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计算机代写|CMPEN 331 – Computer Organization and Design Lab 5

计算机代写|CMPEN 331 – Computer Organization and Design Lab 5



This lab introduces the idea of the pipelining technique for building a fast CPU. The students will obtain experience with the design implementation and testing of the first four stages (Instruction Fetch, Instruction Decode, Instruction Execute, Memory) of the five-stage pipelined CPU using the Xilinx design package for FPGAs. It is assumed that students are familiar with the operation of the Xilinx design package for Field Programmable Gate Arrays (FPGAs) through the Xilinix tutorial available in the class website.

  1. Pipelining

As described in lab 4

  1. Circuits of the Instruction Fetch Stage

As described in lab 4

  1. Circuits of the Instruction Decode Stage

As described in lab 4

  1. Circuits of the Execution Stage

As described in lab 5

  1. Circuits of the Memory Access Stage

As described in lab 5

  1. Circuits of the Write Back Stage

Referring to Figure 1, in the fifth cycle the first instruction entered the WB stage. The memory data is selected and will be written into the register file at the end of the cycle. All the control signal have a prefix “w”. The second instruction entered the MEM stage; the third instruction entered the EXE stage; the fourth instruction is being decoded in the ID stage; and the fifth instruction is being fetched in the IF stage. All the six pipeline registers are updated at the end of the cycle (the destination register is considered as the six pipeline register).

Then the first instruction is committed. In each of the forth coming clock cycles, an instruction will be committed and a new instruction will enter the pipeline. We use the structure shown in Figure 1 as a baseline for the design of our pipelined CPU.

  1. Table 1 lists the names and usages of the 32 registers in the register file.
  2. Write a Verilog code that implement the following instructions using the design shown in Figure 1. Write aTable 2 lists some MIPS instructions that will be implemented in our CPU
    1. Initialize the first 10 words of the Data memory with the following HEX values:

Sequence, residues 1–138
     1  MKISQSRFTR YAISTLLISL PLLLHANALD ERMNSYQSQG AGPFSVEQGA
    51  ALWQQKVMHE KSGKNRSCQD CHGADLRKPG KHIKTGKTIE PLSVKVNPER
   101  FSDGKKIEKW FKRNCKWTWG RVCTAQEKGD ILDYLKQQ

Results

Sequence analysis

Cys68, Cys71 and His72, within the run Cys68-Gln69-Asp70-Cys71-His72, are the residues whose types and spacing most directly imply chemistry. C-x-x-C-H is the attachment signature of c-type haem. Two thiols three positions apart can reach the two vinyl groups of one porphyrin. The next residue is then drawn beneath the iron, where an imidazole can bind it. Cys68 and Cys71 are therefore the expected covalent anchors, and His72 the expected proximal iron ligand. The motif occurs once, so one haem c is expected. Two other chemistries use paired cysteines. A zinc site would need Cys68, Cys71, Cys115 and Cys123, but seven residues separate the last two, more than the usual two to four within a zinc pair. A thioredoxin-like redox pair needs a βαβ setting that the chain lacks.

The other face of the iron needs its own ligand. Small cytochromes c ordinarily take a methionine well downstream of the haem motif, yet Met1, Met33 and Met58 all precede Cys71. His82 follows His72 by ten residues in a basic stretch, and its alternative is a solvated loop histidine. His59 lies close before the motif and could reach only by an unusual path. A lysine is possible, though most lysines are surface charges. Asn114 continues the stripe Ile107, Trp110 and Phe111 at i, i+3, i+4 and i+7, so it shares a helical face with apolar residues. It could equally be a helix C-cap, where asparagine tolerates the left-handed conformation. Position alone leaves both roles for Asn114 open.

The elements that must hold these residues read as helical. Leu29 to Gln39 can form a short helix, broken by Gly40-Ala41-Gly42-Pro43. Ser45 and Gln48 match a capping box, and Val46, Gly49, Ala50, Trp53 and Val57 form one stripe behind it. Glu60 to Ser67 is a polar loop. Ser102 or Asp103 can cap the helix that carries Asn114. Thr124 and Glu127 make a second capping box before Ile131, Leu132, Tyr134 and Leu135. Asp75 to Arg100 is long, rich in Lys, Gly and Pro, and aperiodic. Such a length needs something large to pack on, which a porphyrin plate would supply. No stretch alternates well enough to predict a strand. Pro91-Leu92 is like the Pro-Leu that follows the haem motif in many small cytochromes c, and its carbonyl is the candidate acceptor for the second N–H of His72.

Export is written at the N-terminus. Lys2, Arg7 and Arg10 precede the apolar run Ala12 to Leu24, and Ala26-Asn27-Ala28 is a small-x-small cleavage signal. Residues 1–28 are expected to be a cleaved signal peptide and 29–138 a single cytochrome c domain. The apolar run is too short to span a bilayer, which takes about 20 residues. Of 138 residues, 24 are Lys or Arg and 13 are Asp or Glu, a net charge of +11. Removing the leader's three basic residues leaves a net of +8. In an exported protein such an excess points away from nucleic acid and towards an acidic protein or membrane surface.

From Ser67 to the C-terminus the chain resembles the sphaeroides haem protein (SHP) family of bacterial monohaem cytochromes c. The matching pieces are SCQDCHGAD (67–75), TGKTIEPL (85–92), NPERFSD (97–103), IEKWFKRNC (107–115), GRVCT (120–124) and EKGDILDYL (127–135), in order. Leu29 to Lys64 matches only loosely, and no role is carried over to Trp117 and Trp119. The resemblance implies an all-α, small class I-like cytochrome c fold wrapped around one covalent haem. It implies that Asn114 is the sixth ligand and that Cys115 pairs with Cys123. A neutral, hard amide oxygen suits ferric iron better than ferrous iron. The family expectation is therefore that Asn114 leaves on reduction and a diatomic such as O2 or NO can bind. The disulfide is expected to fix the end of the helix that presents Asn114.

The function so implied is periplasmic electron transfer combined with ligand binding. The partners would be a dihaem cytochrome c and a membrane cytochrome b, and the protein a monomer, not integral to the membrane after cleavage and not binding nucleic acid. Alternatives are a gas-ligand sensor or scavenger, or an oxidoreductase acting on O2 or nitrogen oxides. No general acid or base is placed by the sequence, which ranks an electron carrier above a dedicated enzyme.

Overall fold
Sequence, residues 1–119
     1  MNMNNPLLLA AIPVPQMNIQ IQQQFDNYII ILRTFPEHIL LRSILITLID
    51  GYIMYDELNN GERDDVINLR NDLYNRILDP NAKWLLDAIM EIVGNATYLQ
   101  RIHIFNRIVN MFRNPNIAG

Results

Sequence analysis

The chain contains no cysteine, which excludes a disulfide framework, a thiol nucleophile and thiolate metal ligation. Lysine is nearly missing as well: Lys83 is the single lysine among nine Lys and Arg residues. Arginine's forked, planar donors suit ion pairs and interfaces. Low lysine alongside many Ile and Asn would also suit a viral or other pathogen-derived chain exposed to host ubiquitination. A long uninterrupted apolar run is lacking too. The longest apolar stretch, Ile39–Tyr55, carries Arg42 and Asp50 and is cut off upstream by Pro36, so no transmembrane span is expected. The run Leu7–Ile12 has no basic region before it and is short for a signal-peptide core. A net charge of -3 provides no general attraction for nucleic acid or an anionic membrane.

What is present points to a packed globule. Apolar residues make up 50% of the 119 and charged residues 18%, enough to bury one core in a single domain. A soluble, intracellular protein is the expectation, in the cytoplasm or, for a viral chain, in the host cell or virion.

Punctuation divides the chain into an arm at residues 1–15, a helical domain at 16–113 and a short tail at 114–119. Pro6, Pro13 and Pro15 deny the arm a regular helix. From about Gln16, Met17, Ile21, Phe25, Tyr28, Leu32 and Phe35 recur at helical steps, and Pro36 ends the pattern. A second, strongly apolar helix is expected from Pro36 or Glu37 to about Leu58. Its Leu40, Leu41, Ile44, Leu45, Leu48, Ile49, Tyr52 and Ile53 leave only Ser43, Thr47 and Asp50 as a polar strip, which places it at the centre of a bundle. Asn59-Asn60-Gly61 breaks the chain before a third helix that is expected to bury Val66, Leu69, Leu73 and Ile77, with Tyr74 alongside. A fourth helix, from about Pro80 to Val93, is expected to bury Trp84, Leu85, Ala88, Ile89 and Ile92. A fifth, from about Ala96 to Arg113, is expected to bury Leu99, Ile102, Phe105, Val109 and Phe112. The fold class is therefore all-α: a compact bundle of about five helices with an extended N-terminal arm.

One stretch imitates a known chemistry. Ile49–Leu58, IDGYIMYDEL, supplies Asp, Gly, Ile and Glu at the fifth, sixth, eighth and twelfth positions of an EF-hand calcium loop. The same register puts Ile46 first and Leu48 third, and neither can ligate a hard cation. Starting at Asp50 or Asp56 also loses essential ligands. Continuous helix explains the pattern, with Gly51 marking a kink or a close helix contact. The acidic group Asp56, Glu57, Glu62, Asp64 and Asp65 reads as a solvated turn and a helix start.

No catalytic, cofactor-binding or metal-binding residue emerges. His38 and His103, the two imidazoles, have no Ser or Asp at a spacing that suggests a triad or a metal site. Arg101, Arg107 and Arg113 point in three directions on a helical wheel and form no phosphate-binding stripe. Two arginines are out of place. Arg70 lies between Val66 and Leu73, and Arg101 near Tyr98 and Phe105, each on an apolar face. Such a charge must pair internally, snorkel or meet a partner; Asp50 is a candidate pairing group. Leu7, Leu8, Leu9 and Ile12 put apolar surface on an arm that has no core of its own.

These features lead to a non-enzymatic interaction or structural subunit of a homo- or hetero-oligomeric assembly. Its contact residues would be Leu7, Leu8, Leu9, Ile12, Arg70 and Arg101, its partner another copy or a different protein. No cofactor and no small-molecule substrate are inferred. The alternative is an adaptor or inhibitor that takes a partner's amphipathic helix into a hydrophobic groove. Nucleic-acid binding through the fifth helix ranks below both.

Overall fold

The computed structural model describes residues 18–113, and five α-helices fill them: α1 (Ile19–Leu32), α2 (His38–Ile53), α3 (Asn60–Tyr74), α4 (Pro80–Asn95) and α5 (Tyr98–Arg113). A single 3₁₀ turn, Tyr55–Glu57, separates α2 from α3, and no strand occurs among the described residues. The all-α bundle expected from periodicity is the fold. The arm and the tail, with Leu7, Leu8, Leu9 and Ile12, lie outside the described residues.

1. Verilog test bench to verify your code: (You have to show all the signals written into and out from the MEM/WB register and the inputs to the Regfile block in your simulation outputs)



    lw $2, 00($1)

    # $2 ß memory[$1+00]; load x[0]

    lw $3, 04($1)

    # $3 ß memory[$1+04]; load x[1]

    lw $4, 08($1)

    # $4 ß memory[$1+08]; load x[2]

    lw $5, 12($1)

    # $5 ß memory[$1+12]; load x[3]

    add $6, $2, $10

  1. Write a report that contains the following:
  2. Your Verilog design code. Use:
  3. Device: XC7Z010- CLG400 -1 or choose any other FPGA type. You can use Arria II if you are using Quartus II software.
  1. Your Verilog® Test Bench design code. Add “`timescale 1ns/1ps” as the first line of your test bench file.
  2. The waveforms resulting from the verification of your design with ModelSim showing all the signals written in and out from the MEM/WB register and the inputs to the Regfile block.
  1. The design schematics from the Xilinx synthesis of your design. Do not use any area constraints.
  2. Snapshot of the I/O Planning and
  3. Snapshot of the floor planning
  4. REPORT FORMAT: Free form, but it must be:
  5. One report per student.
  6. Have a cover sheet with identification: Title, Class, Your Name, etc.
  7. Using Microsoft word and it should be uploaded in word format not PDF. If you know LaTex, you should upload the Tex file in addition to the PDF file.
  1. Double spaced
  2. You have to upload the whole project design file zipped with the word file.
  3. For students who took this class as an (honor option). In addition to all of the above requirements,you need to design the following:

In order to focus our attention on the WB stage easily, the baseline CPU shown in Figure 1 is redrawn by putting the register file on the WB stage where the execution result of an instruction is written as shown in Figure 2. The state of the art content can be read correctly in the ID stage after it is written at the end of its WB stage. Data hazards occur in the code example shown in Figure 3. You need to add the required components to solve the hazard problem and do forwarding if needed.